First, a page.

4. Apologies if this has been covered - i can pick up a P09 pretty cheap. I want to keep it basic and budget. With a just a $88 CGW hammer and a competition spring set and basic polishing, what type of trigger pull weights can I expect in DA and SA? I don’t want to go for the full CGW kit, at least at first. Thanks.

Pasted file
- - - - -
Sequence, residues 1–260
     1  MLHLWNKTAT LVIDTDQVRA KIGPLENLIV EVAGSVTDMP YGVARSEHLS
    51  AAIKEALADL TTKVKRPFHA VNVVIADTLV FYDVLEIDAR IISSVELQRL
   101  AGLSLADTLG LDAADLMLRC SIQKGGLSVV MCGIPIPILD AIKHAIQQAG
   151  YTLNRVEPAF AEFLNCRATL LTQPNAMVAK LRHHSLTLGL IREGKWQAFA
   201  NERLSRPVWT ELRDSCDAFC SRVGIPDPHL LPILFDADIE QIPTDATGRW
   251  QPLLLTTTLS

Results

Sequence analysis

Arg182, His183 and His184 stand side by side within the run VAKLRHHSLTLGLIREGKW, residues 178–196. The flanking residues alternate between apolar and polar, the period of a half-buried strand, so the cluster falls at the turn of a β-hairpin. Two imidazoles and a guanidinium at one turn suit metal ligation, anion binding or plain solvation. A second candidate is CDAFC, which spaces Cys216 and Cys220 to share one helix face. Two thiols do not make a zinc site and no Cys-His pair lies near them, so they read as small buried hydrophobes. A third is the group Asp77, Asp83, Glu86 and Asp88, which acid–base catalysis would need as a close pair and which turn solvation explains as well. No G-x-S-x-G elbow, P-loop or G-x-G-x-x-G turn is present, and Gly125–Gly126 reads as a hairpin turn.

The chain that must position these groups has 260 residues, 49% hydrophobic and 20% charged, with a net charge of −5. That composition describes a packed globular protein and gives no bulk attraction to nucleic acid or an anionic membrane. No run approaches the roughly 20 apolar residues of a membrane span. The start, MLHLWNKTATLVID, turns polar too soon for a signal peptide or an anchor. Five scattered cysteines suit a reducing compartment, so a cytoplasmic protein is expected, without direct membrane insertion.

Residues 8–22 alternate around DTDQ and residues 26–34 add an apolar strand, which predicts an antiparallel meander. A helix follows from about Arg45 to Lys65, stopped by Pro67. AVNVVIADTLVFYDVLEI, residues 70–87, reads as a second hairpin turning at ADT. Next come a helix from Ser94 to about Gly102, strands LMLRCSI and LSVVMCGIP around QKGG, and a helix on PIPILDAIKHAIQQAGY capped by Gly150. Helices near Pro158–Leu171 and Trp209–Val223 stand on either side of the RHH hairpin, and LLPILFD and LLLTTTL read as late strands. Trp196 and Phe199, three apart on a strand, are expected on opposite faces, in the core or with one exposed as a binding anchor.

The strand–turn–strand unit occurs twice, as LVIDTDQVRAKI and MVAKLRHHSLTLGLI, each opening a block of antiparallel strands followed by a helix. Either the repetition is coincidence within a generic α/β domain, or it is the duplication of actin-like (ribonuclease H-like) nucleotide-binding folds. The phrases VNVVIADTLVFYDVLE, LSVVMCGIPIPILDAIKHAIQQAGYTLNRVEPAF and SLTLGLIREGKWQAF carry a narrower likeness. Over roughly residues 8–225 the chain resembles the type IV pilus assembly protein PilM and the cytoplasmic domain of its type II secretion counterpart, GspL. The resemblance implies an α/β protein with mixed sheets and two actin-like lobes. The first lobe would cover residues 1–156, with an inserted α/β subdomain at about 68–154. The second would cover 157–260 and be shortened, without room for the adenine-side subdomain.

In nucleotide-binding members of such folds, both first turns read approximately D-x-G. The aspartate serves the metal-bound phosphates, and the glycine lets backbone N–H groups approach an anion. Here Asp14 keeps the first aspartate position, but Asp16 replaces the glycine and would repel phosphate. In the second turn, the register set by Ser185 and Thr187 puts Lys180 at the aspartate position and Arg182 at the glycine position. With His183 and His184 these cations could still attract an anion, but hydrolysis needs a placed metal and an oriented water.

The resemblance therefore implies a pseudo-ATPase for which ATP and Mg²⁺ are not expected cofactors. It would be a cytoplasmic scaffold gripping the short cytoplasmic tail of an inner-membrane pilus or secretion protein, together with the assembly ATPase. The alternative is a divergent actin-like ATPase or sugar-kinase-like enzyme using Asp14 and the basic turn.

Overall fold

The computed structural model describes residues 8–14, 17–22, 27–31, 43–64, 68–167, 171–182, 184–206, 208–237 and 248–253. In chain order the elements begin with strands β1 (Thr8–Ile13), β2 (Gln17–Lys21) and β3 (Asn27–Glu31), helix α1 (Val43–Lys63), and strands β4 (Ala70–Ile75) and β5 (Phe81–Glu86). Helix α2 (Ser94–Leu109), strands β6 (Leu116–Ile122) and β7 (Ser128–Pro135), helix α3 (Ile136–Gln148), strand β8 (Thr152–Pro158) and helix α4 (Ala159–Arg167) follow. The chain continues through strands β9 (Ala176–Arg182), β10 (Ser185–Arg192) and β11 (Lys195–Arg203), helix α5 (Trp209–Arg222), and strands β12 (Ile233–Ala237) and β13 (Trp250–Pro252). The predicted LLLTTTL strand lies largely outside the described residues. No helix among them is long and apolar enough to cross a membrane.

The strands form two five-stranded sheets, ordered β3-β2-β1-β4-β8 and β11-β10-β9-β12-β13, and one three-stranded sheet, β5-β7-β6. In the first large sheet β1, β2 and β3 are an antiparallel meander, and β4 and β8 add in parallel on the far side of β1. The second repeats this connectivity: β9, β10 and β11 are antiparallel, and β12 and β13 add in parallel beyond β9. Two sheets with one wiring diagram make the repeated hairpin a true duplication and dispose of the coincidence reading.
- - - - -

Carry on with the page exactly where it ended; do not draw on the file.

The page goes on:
5. Yes, I meant NOT reliable. Thanks for catching that. I'll change it in original post. I appreciate the responses. Here's the link to Sisson's recent post about advanced bloodwork tests. http://www.marksdailyapple.com/how-to-interpret-advanced-cholesterol-test-results/#axzz1l8dSiooC Here's an excerpt: How to Interpret Advanced Cholesterol Test Results After last week’s post on interpreting traditional lipid tests, I promised a follow-up post on interpreting the advanced VAP and NMR Lipoprofile tests that provide measurements of particle size and all the various sub-fractions of HDL and LDL particles. I even hinted that it might be worth bypassing the traditional test entirely and going straight to the advanced stuff if you were going to get your cholesterol measured anyway, because of the greater accuracy and more detailed picture of your lipids the VAP and NMR tests provide. Well, I’m going to have to reevaluate my stance on the matter and rethink that original suggestion. Recent evidence shows and commentary from researchers concludes that the various advanced lipoprotein particle classification tests can produce wildly disparate results on the same samples to the point of rendering them unreliable (sound familiar?), especially if we’re going to be evaluating our health based on the results. A 2009 systematic review found that the available LDL subfraction literature ”does not provide adequate data about comparability in terms of test performance to choose one or another method to serve as a standard nor are data on comparability in terms of predicting CVD outcomes.” In short, it could – and probably does – have diagnostic value, but there are no real standards for measurement or analysis that would allow us to use the information. Yet. (Post continues at the above link.)